A good book about active listening: “Parent Effectiveness Training (P.E.T.)” by T. Gordon (1970).

CREATIVITY FOLDER: Keep a folder of your child’s creative ideas and make a game reviewing its contents now and then. Young children benefit from having their creative thoughts recorded and kept by an adult.

ANTI-CREATIVITY FORCE: At the very least, avoid and repel the anti-creativity forces, and champion the use of creativity triggers.

OUTREACH: Form a creativity club that kids will love to join.

MOTIVATION: As with adults, children who engage in creative effort for their own enjoyment, their internal motivation, produce the most creative outcomes. Those who respond to win external praise or other external rewards (money, candy, etc.), produce less creative outcomes. Research has shown detrimental effects on children’s creativity by competition, promised and expected rewards, external evaluation, extrinsic motivation, lack of choice, etc.

In contrast, creativity was higher when the opposite conditions existed: lack of competition, no external rewards, no external evaluation, intrinsic motivation, lots of choice how and what to do, and self-direction.

Immunize your children against the lure of external rewards that lower creativity by discussing internal motivators with them. Make them aware of how good it feels to be self-directed and free of external control.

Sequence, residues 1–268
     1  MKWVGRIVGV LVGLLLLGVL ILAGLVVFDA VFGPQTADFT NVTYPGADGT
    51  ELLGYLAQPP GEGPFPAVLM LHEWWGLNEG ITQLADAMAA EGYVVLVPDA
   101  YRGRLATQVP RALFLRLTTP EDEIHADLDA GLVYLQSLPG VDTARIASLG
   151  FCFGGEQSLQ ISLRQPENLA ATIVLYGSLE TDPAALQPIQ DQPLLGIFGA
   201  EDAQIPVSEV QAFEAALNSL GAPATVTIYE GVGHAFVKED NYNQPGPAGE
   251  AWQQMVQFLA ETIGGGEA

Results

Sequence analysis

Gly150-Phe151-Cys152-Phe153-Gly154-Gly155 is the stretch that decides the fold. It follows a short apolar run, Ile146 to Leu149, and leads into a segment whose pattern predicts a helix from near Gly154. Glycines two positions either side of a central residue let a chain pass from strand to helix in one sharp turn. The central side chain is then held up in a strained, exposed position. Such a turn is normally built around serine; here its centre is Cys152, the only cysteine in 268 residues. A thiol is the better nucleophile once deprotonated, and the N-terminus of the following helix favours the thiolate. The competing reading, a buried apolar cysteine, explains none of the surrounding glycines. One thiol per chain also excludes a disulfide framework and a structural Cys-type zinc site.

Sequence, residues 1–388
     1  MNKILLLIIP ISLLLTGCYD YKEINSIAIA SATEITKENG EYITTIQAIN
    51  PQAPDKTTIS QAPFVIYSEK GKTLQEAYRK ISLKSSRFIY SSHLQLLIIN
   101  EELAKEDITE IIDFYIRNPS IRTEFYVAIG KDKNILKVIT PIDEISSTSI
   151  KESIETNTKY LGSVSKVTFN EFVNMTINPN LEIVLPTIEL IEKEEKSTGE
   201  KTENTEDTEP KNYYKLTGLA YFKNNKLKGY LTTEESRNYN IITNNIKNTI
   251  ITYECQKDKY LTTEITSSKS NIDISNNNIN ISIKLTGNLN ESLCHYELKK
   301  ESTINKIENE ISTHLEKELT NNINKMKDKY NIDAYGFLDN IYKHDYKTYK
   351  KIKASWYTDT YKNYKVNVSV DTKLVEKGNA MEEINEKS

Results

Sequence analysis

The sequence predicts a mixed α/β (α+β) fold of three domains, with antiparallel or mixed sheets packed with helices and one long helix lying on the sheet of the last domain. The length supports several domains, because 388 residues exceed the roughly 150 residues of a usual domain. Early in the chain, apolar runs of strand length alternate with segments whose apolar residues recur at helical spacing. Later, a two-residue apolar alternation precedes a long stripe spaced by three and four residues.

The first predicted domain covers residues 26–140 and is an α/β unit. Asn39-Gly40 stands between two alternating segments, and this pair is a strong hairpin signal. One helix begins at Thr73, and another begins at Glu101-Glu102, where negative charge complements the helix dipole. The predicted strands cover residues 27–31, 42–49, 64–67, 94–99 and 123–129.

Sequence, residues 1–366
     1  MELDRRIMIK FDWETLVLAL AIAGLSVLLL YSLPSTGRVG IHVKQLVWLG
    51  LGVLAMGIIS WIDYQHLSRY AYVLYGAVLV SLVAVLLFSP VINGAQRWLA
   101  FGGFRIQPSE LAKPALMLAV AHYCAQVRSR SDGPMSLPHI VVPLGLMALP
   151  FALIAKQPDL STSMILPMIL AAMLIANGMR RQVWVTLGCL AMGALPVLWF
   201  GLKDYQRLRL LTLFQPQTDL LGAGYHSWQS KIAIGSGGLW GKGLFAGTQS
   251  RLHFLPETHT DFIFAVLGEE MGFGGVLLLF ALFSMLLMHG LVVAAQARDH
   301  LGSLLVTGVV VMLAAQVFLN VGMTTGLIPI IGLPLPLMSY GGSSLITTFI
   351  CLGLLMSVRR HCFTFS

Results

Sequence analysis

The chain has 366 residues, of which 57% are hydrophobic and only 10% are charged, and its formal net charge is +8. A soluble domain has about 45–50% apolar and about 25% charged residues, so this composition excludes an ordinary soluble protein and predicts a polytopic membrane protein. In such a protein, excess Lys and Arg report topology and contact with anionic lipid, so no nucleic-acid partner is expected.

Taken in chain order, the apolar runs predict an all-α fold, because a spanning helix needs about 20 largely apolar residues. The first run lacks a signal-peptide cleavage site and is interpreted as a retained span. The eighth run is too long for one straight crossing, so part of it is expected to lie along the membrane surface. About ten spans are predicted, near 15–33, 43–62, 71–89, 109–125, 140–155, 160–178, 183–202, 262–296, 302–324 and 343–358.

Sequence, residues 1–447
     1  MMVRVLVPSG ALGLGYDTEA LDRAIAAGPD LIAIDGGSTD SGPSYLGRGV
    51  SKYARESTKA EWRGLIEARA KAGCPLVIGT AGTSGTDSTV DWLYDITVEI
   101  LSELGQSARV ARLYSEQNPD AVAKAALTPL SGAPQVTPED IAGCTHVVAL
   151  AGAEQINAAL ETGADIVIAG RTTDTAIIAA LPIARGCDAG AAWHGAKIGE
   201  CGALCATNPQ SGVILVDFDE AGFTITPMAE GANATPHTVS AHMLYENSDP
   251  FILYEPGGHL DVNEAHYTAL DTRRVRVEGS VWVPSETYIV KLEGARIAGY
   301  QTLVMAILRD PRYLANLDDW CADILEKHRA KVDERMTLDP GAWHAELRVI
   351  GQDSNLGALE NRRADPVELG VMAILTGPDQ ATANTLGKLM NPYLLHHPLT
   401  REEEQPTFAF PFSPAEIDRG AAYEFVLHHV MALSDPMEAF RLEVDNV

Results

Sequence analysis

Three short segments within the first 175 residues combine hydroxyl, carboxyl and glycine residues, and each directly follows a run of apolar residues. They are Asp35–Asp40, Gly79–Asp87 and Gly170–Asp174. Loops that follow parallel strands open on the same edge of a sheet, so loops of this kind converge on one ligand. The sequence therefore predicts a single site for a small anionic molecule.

Recommended Books:

The topic of fostering your child’s creativity so they will be creative throughout life goes far beyond the resources of this column. Still, you must pursue it for the sake of your child.

I recommend the following books:

“Growing Up Creative:” by Teresa Amabile (1989).

“Nurturing Creative Children” by Dr. Yew Kam Keong

“Parent Effectiveness Training (P.E.T.) by Thomas Gordon (1970).

“Teaching Creativity: Supporting, Valuing, and Inspiring Young Children’s Creative Thinking.” By Abby Connors

And checkout my book:


How To Use Your Inventiveness To Brighten Your Life.” 


©2017 by Ed Glassman


Ed Glassman, Professor Emeritus of the University of North Carolina at Chapel Hill, founded the Program For Team Excellence And Creativity at the university. He led scores of problem-solving creativity meetings and creative thinking workshops-seminars for many large and small companies. He was a ‘Guggenheim Foundation Fellow’ at Stanford University, a ‘Visiting Fellow’ at the ‘Center For Creative Leadership’ in Greensboro, NC, a Visiting Professor at the University Of California at Irvine, and a Visiting Scientist at SRI International in Palo Alto, California.

His book: “Team Creativity At Work I & II: Creative Problem Solving At Its Best,” is available: CLICK here OR HERE.

Another book of his: “R&D CREATIVITY AND INNOVATION HANDBOOK: A Practical Guide To Improve Creative Thinking and Innovation Success At Work” is also available.   CLICK here  OR HERE

About the Author
Ed Glassman, Ph.D., is professor emeritus and former head of the "Program for Team Effectiveness and Creativity," in the medical school of the University of North Carolina at Chapel Hill. He was also a visiting fellow at the Center for Creative Leadership in Greensboro, North Carolina.